Safety and Efficacy of Pralatrexate in the Treatment of Patients With Relapsed or Refractory Peripheral T-Cell Lymphoma.

Safety and efficacy of pralatrexate in the treatment of patients with relapsed or refractory peripheral T-cell lymphoma.

Ther Adv Hematol. 2012 Aug; 3(4): 227-35
Marchi E, O’Connor OA

T-cell lymphomas (TCL) are a diverse and heterogeneous group of malignancies that represent less than 15% of all non-Hodgkin lymphomas. Initial refinements of the clinical classification of these complex diseases have been made, but a better understanding of their molecular pathogenesis is still needed. Even if the paucity of insights into the underlying pathogenesis of TCLs has hindered our ability to develop rational targeted therapies, significant advances have been made. Pralatrexate (10-propargyl 10-deazaaminopterin) is a unique antifolate that has been rationally designed to have high affinity for the reduced folate receptor (RFC) and the folylpolyglutamate synthetase (FPGS) and was the first drug ever approved for the treatment of relapsed and refractory peripheral T-cell lymphomas (PTCL). This review describes the preclinical development of pralatrexate that led to early-phase clinical trials in lung cancer and lymphoma and its subsequent approval in PTCL. The review also describes how pralatrexate has been combined with other agents in both the preclinical and clinical settings. FDA approval for the use of pralatrexate in PTCL has been granted based on the results of the pivotal Phase II trial of this agent in relapsed and refractory PTCL patients. clinical development, pralatrexate, preclinical data, T-cell lymphoma. HubMed – drug


Safety and efficacy of brentuximab vedotin in patients with Hodgkin lymphoma or systemic anaplastic large cell lymphoma.

Ther Adv Hematol. 2012 Aug; 3(4): 209-25
Vaklavas C, Forero-Torres A

Antibody-based immunotherapy has become an integral part of cancer therapeutics. However, monoclonal antibodies have their limitations as identifying an antigen selectively expressed on malignant cells and developing a high-affinity antibody may not by itself alter tumor growth. This is illustrated in the case of CD30; CD30 epitomizes many properties of an ideal pharmacologic target such as high expression on malignant cells and limited expression on normal tissues. However, until the advent of brentuximab vedotin, CD30 remained an elusive target as antibody-based anti-CD30 immunotherapy had been largely clinically unsuccessful. Brentuximab vedotin (cAC10-vcMMAE, SGN-35) is an antibody-drug conjugate consisting of a chimeric anti-CD30 monoclonal antibody whereupon the potent microtubule inhibitor monomethyl auristatin E (MMAE) is attached via a valine-citrulline linker. Once bound to CD30, brentuximab vedotin is internalized and MMAE is released with the action of lysosomal enzymes on the linker. In phase I studies in relapsed or refractory Hodgkin lymphoma and anaplastic large cell lymphoma, brentuximab vedotin induced unprecedented responses with manageable toxicity. In phase II studies, brentuximab vedotin induced overall response rates of 75% and 86% in relapsed or refractory Hodgkin lymphoma and anaplastic large cell lymphoma, respectively. The results of these trials led to the accelerated approval of the drug by the US Food and Drug Administration in a patient population with few other alternative options. Brentuximab vedotin has overall manageable toxicity profile; however, cumulative peripheral neuropathy constitutes an important clinical consideration as it may limit prolonged administration of the drug. The mechanism by which brentuximab vedotin exerts its antitumor activity is not entirely clear. Diffusion of MMAE in the tumor microenvironment and cytotoxicity on bystander cells may in part explain its activity, especially in Hodgkin lymphoma. Herein, we review the biology of CD30 and brentuximab vedotin, and the clinical data that has accumulated thus far with SGN-35. HubMed – drug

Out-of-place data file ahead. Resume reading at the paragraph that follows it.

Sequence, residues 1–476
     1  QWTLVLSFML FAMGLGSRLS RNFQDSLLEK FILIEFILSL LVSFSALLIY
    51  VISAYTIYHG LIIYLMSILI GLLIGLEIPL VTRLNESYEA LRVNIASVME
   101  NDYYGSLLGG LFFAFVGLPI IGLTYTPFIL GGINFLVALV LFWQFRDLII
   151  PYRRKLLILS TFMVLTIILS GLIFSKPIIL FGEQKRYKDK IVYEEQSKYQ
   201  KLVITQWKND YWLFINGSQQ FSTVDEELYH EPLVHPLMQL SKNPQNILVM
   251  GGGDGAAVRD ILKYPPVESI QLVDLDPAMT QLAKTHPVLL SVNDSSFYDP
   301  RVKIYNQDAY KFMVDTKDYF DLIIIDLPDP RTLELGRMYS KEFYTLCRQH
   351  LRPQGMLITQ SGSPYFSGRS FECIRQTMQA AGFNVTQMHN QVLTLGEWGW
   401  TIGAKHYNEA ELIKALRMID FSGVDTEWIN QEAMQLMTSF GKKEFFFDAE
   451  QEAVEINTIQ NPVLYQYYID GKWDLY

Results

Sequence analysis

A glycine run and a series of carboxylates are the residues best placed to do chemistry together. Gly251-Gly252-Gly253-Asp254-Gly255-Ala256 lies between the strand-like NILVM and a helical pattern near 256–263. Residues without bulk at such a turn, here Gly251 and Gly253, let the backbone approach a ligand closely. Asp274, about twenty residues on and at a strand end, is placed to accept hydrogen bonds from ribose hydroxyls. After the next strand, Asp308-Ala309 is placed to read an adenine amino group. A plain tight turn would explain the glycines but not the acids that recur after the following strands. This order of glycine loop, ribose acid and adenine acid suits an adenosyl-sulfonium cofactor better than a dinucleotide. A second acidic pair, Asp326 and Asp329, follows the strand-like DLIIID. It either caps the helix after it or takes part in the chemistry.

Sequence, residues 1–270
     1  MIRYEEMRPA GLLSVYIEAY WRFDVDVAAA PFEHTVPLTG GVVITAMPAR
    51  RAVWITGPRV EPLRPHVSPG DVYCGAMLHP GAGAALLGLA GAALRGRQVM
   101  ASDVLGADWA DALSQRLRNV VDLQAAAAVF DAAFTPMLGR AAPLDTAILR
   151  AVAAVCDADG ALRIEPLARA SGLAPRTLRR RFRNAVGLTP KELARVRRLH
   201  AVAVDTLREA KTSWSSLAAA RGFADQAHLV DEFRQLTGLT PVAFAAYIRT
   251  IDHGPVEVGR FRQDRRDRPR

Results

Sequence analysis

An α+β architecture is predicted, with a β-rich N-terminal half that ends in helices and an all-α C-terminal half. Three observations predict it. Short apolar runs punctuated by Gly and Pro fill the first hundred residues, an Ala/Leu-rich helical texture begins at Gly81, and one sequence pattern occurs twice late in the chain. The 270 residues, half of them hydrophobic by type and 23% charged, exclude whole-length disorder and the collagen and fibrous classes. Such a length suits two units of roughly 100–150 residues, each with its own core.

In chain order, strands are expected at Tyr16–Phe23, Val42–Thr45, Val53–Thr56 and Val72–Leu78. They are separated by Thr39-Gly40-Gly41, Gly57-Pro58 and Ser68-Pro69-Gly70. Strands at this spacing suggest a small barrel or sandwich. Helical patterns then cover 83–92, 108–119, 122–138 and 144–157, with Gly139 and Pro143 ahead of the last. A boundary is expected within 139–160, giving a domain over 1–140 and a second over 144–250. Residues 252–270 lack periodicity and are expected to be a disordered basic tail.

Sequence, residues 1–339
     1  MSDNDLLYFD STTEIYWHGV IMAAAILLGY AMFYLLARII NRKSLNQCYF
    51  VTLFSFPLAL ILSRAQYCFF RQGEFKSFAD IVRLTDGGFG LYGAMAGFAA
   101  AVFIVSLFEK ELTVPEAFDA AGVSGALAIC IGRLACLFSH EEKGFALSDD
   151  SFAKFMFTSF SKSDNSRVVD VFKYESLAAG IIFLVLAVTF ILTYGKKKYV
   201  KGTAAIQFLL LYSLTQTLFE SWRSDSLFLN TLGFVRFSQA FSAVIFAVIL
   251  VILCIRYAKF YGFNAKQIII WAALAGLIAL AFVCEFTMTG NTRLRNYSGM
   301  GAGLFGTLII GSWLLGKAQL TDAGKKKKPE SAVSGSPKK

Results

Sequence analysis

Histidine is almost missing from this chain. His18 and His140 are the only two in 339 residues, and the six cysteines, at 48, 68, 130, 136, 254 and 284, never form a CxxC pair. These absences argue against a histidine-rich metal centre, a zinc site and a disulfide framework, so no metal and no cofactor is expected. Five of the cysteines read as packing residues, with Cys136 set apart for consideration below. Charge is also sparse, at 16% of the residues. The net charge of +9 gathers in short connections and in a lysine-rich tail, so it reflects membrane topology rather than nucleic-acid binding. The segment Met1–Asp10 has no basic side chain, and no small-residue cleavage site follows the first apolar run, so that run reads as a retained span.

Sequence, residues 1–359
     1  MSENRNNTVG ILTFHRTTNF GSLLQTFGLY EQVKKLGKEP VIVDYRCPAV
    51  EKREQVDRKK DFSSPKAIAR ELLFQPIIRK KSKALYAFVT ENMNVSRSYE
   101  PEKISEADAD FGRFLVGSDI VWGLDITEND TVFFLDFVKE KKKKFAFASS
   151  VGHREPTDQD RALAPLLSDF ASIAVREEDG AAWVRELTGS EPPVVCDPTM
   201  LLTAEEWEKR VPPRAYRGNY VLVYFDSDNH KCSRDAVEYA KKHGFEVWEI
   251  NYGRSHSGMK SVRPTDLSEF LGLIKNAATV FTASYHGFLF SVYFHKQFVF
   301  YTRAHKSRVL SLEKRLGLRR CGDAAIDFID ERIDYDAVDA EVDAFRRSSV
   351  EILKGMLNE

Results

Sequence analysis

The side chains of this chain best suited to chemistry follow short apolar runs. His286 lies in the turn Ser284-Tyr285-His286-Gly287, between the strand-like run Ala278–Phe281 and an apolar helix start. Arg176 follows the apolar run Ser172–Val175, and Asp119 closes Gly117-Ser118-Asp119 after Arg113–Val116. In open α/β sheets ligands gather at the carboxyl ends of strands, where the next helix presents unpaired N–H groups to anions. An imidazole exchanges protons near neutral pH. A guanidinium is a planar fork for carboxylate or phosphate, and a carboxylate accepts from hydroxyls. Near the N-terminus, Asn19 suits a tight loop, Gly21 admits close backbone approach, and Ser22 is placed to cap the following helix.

Hydrogel-Forming Microneedle Arrays for Enhanced Transdermal Drug Delivery.

Adv Funct Mater. 2012 Dec 5; 22(23): 4879-4890
Donnelly RF, Singh TR, Garland MJ, Migalska K, Majithiya R, McCrudden CM, Kole PL, Mahmood TM, McCarthy HO, Woolfson AD

Unique microneedle arrays prepared from crosslinked polymers, which contain no drug themselves, are described. They rapidly take up skin interstitial fluid upon skin insertion to form continuous, unblockable, hydrogel conduits from attached patch-type drug reservoirs to the dermal microcirculation. Importantly, such microneedles, which can be fabricated in a wide range of patch sizes and microneedle geometries, can be easily sterilized, resist hole closure while in place, and are removed completely intact from the skin. Delivery of macromolecules is no longer limited to what can be loaded into the microneedles themselves and transdermal drug delivery is now controlled by the crosslink density of the hydrogel system rather than the stratum corneum, while electrically modulated delivery is also a unique feature. This technology has the potential to overcome the limitations of conventional microneedle designs and greatly increase the range of the type of drug that is deliverable transdermally, with ensuing benefits for industry, healthcare providers and, ultimately, patients. HubMed – drug